As midnight approached Tuesday, Fresno mayor candidate Lee Brand’s election night party at The Cosmopolitan in downtown Fresno turned in to a victory celebration – even though victory is not yet in hand.
“Congratulations,” current Mayor Ashley Swearengin said to Brand, the person she endorsed to take her place as she reaches her term limit.
The Brand camp was celebrating because with 95 percent of precincts reporting, the current Fresno city councilman had 53.3 percent of the vote, while his opponent, Fresno County Supervisor Henry R. Perea, had 46.5 percent. With mostly late-arriving absentee and provisional ballots left to count, Brand’s campaign team felt that his 6.9-percentage point lead would be close to impossible for Perea to close.
“We feel that’s a pretty comfortable margin, particularly based on our campaign strategy,” Brand said. “We did all the things necessary, I think, to win the campaign. I feel pretty confident. Anything is possible, but I’ve got to move forward. I’m a numbers guy, and statistically, it’s an almost impossible deficit for him to overcome now.”
Brand jumped out to an early lead in the race, when early mail ballots results were released just after the polls closed at 8 p.m. Perea, however, started chipping away at the lead as Election Day ballots were counted, cutting an initial deficit that was more than 8 percentage points down to 5.3 percentage points.
Perea could not be reached for comment early Wednesday, but earlier in the evening was hoping that Election Day voters would boost him.
“It’s not what we wanted to be, but we believe the poll voters will come in big for us,” Perea said after the initial results.
In the third update of the evening, however, Brand built his lead back to the 6.9-percentage point edge and the celebrating started among Brand’s supporters.
In raw numbers, it’s more than 5,500 votes, and with each vote counted and Brand holding a solid lead, it makes it harder for Perea to close the gap in the battle to be the fourth strong-mayor of the state’s fifth-largest city.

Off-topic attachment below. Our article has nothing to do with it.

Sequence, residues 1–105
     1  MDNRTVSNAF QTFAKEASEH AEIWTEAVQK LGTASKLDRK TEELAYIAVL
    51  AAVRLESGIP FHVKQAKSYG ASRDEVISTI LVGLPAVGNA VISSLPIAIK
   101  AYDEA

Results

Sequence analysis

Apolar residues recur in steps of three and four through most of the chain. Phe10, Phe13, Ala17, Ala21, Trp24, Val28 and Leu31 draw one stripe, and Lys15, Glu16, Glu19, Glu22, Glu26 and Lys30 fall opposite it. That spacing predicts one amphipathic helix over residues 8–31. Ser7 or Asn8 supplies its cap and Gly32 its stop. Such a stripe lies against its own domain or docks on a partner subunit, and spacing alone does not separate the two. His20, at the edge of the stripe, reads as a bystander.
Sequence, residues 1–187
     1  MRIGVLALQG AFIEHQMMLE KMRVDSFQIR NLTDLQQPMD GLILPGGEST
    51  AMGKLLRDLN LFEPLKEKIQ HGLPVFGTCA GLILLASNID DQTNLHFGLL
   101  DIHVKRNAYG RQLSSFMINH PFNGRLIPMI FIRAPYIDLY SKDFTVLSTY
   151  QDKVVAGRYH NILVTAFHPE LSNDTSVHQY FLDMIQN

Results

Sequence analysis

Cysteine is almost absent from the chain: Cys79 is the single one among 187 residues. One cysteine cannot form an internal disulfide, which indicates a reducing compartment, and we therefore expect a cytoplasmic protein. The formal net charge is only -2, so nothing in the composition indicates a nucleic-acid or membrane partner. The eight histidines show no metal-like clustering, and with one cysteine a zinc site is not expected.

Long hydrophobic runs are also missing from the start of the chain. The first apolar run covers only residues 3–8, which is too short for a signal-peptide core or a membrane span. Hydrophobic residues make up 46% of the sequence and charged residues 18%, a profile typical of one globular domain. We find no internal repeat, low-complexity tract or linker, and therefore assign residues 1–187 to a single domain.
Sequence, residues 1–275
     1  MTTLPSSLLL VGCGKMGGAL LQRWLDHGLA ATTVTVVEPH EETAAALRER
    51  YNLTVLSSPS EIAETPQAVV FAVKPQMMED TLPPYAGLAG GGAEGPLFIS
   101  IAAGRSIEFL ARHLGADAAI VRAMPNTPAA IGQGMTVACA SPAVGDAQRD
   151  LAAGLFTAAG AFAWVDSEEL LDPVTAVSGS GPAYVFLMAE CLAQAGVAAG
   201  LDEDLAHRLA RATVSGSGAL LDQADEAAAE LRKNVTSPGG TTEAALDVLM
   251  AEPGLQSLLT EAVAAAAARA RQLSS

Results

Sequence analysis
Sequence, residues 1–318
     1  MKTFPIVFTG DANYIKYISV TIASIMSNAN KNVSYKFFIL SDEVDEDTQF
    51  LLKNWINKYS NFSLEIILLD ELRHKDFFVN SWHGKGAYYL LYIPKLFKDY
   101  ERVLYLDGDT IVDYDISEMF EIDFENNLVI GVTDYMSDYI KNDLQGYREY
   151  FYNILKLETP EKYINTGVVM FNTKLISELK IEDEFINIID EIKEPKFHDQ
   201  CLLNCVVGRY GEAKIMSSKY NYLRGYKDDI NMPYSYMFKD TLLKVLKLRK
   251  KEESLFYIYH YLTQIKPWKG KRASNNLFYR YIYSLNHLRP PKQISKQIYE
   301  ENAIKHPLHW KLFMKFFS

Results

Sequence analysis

“I think this is going to hold up throughout the night,” Brand said after the initial vote count. “We had a strong, strong get-out-the-vote effort. We ran a strong campaign all the way through.”
Headed toward Election Day, both campaigns had been dissecting the early mail ballot returns, trying to figure out which candidate would have the early edge.
As of Monday, 45 percent of the mail ballots returned were from Democrats, 37 percent were Republicans and 18 percent were from nonpartisan or third party voters.
That looked to benefit Perea. Though the race is officially nonpartisan, he’s a Democrat, while Brand is a Republican.
On the other hand, those who voted early tended to be older, with almost 60 percent of the ballots coming from voters over 55, while only 16 percent were from those between 18 and 35 years old. Also, Latino voters make up only 23 percent of the early voting, which is 12 percent below their registration.
In addition, almost 48 percent of those who have already voted are from City Council districts 2 and 6 – the north part of city. District 6, which covers northeast Fresno, is Brand’s current council district.
All these, at least on paper, should benefit Brand – and it appears they did.
Brand and Perea initially were two of five candidates seeking to replace Swearengin. Community leader H. Spees, former Fresno County Supervisor Doug Vagim and Richard Renteria were eliminated in the June primary.
Perea came in first in June with 44.7 percent of the vote, but he was unable to reach 50 percent, which would have given him an outright win. Brand moved on as the runner-up, winning 30.8 percent of the vote.
Brand’s move from his primary election performance to the general election was huge. While Perea so far has only improved his primary performance by around 2-percentage points, Brand improved his by more than 22-percentage points. It appears that Brand likely picked up most of the Spees and Vagim voters, who are also Republicans. Spees also endorsed Brand.
The two candidates picked at each other during the campaign, leveling various charges. What it came down to in a nutshell was each one saying the other lacked the leadership skills to be mayor.
Brand dominated the money battle, cobbling together more than $900,000 and counting – raising a total of $662,719, loaning his campaign the maximum $100,000 and transferring another $143,276 from his Fresno council.
Perea raised $620,502 and counting. That amount includes around $87,000 that he moved from his supervisor account.
Brand used that fundraising advantage to blanket the airwaves with commercials, as well as campaign mail. Perea also did campaign mail, but limited his visual media to a single television commercial.